100 Percent Increase in Deferred Enrollments for 2020-21 Academic Year

Twenty-eight students chose to defer their enrollment this year at Colgate. The number of deferrals is equivalent to over 3 percent of the incoming class, and marks a 100 percent increase when compared to the average number of deferrals per year. 

Since deferring students will not begin taking classes until the 2021-22 academic year, these students will be a part of the Class of 2025. Though not necessarily likely, it is possible for the current number of deferrals to change, according to Media Relations Director Daniel DeVries.

“Late deferrals are sometimes accommodated for specific reasons through the administrative deans,” DeVries said. 

According to Vice President for Admission and Financial Aid Gary Ross, students most often choose to defer in order to pursue experiences that “foster their personal growth.”

“Often students will defer because they are volunteering with a political campaign or they received an internship opportunity, or any number of other reasons. A few might have medical issues that need attention,” Ross said.

Since the spread of COVID-19 became serious in the United States well after college application deadlines, many high school seniors had already decided not to take a gap year. After receiving offers of admission, those students had to confirm their enrollment by May 1 in order to secure their spot in the Class of 2024. However, for those who committed to college but then looked to change their plans, the option of taking a gap year was still available through deferred enrollment.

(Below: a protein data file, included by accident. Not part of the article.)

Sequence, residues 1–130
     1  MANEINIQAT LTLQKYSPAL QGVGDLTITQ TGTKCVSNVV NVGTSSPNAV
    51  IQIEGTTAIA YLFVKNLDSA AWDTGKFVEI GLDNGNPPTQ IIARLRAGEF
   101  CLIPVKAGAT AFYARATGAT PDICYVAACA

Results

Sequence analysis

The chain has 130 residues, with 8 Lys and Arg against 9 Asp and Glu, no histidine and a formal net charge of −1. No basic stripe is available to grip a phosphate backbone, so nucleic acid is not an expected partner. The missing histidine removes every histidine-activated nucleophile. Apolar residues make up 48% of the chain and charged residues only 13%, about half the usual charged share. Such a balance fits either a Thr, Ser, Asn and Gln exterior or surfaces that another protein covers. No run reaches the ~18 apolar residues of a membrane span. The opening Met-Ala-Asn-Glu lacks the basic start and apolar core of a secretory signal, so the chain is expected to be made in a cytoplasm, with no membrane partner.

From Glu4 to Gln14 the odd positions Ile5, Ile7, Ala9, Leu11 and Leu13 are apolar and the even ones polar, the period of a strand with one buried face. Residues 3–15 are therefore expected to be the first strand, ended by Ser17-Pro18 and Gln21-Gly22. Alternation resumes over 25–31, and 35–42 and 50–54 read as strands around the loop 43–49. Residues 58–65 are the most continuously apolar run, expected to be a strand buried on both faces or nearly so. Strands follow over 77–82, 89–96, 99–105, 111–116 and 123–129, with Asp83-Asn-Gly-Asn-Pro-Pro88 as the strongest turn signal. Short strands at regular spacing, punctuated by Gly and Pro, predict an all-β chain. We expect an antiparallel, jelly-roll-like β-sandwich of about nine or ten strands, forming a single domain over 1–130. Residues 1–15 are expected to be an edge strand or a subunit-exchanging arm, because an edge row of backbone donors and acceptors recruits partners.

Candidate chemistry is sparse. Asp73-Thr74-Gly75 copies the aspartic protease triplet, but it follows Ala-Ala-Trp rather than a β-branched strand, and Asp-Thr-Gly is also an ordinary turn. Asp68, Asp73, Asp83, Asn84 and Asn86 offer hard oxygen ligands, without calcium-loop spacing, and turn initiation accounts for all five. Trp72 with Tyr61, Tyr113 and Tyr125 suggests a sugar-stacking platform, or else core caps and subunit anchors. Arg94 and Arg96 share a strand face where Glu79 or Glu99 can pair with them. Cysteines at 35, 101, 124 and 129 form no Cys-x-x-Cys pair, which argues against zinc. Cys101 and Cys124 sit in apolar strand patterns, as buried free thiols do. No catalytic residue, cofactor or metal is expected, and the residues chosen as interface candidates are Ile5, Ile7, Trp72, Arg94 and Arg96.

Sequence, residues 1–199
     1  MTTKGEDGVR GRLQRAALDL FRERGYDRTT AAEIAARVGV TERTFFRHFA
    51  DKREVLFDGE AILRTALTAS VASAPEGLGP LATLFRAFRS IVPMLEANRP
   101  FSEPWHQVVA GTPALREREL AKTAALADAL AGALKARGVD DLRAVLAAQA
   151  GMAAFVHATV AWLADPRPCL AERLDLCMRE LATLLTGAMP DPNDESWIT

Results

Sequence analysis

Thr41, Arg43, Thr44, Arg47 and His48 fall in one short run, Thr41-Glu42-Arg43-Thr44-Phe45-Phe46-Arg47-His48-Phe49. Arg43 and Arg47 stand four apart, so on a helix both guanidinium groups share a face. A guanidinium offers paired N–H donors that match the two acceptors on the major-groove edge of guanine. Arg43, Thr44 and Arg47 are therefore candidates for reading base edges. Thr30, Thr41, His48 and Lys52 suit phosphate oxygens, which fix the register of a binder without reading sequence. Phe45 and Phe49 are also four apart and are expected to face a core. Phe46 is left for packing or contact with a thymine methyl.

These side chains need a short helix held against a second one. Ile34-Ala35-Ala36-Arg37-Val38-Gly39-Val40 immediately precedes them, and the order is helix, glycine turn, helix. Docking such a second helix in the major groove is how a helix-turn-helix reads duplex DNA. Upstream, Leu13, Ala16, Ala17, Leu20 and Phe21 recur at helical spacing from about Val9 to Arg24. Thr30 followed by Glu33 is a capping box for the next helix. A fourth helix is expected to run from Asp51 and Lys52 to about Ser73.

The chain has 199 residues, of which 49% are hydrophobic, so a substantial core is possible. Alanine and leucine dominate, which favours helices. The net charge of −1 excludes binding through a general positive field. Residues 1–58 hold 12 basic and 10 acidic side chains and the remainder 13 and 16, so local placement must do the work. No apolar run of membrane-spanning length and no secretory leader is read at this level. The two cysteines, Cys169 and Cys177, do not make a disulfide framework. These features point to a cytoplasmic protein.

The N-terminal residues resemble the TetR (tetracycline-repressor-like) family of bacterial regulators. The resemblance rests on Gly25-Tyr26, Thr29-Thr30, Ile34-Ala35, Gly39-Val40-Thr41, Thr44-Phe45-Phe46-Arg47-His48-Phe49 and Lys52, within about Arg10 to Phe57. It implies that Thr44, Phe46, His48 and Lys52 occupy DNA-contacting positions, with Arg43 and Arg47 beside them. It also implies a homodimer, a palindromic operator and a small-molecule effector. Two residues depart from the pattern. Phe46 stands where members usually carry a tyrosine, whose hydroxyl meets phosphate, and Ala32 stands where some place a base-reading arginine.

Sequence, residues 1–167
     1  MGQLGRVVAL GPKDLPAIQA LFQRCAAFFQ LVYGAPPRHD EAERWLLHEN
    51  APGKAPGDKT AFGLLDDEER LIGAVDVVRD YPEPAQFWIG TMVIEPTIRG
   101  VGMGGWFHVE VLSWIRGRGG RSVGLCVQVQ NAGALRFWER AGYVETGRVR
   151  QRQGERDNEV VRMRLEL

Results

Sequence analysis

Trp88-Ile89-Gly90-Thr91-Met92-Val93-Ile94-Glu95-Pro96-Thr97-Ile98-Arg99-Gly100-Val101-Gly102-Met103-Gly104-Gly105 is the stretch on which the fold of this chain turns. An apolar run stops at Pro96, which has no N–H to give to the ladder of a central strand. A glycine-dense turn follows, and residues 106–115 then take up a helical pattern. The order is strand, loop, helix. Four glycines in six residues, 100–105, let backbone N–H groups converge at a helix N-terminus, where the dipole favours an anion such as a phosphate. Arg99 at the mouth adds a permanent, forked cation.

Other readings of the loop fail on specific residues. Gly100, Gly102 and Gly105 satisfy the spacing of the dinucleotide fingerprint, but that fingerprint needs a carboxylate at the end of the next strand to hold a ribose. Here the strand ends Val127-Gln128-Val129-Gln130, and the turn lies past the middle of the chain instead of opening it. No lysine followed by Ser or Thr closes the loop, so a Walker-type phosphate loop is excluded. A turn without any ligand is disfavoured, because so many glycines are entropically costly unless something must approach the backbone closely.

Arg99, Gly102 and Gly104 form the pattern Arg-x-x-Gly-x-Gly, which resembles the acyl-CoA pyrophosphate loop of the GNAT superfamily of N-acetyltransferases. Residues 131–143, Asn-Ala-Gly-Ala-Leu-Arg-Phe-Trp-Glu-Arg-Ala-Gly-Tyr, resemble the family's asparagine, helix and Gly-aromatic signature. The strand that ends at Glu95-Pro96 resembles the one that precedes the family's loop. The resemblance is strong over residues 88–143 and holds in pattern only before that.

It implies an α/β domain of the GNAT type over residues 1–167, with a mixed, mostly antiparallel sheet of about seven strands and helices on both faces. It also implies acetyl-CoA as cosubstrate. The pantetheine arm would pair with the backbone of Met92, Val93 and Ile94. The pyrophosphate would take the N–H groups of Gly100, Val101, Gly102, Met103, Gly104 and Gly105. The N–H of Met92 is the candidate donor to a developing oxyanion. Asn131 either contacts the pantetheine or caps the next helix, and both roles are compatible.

According to Colgate’s website, students who confirmed intent to enroll at Colgate by May 1 were able to request to defer their enrollment up until the typical June 1 deadline. Despite the COVID-19 pandemic, this deadline was not extended.

“It was very important to have as accurate of a count as possible… to safely accommodate everyone in Colgate housing and to prevent overcrowding,” Ross said.

In order to request deferred enrollment, students must contact the office of admission to gain access to a form on which students are given the opportunity to explain why they wish to defer their enrollment. If approved, they will be required to pay another non-refundable deposit of $500 to confirm and finalize deferred enrollment.

“Newly admitted students are always welcome to reach out to the admission office to discuss deferral details and procedures,” Ross said.

When asked if students who deferred their enrollment are later surveyed about their decision to defer, Ross said no official data exists about whether or not students regret deferral, but that students he has spoken with have been pleased with their choice. 

“Colgate does not recommend or discourage deferral. This is a personal choice that students need to drive, and we respect that decision and support them when they reach out with questions about the process,” Ross said.